If you enjoy the atmosphere of official buildings, the City Hall is worth a visit too. You can access this building all week and make use of the cafe and see the art exhibitions. The City Hall, where the Mayor of Reykjavik does his nine to five, is set on the edge of Lake Tjornin, and is another example of interesting architecture. The water seems to rise up to meet the glass walls, as do the swans and ducks, which you can see paddling around the walkways and the curved modern building. One of the halls contains a map worth looking at as you begin your holidays: Iceland and Reykjavik modelled in large scale so you can walk around it and give yourself a sense of the island’s shape.If you like the City Hall’s glassy and shiny design, you might do well to choose the 4th Floor Hotel from the Reykjavik hotels available. It has a similar contemporary feel with modern styled interior.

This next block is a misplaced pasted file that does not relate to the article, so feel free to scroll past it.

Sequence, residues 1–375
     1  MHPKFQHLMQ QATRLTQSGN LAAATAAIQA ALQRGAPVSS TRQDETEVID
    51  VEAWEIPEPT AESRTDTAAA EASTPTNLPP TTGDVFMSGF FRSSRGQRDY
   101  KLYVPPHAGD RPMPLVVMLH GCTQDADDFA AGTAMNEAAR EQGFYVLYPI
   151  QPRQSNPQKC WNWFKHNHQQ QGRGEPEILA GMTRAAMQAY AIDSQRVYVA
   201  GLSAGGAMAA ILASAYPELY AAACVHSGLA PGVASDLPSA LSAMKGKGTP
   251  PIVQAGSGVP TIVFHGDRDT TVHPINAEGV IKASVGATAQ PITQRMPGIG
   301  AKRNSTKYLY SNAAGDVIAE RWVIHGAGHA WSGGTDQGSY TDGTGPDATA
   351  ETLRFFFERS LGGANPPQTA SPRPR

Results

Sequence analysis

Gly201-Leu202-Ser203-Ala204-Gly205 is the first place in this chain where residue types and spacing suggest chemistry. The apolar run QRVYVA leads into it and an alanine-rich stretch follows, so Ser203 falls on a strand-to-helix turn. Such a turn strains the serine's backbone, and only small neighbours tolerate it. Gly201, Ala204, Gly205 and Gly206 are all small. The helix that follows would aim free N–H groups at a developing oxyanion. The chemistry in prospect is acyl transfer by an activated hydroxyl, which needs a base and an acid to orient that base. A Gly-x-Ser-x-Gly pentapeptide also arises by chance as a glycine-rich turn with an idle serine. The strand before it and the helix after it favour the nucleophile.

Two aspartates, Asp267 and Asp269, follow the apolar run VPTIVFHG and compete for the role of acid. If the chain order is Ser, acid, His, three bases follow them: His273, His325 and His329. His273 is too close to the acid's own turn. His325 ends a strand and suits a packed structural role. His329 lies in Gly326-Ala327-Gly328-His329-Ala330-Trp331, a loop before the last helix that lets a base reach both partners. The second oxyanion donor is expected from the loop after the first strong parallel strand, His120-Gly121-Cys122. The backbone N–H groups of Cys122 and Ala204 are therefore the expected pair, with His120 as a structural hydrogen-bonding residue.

EsjanMount Esja

But you shouldn’t spend too much time inside on your holiday in Reykjavik, indeed a city break to Reykjavik need not be restricted to the urban areas. Mount Esja hangs in the distance across the water, and since the city has relatively few tall buildings, the mountain imposes itself on the horizon. Mount Esja is a popular place to walk and the routes are forgiving in terms of difficulty, rewarding hikers with amazing views of the countryside.

grasagardurThe Laugardalur Valley

The Laugardalur Valley, where the city keeps its sports fields and stadium, zoo and botanical gardens is another place to take in nature while on your city break to Reykjavik. A popular feature is the outdoor hot spring pool where you can swim throughout the seasons in the comfort of naturally heated water. The Reykjavik Art Museum is located here, another idiosyncratic construction of minimalist white domes, blocks and sloped walls.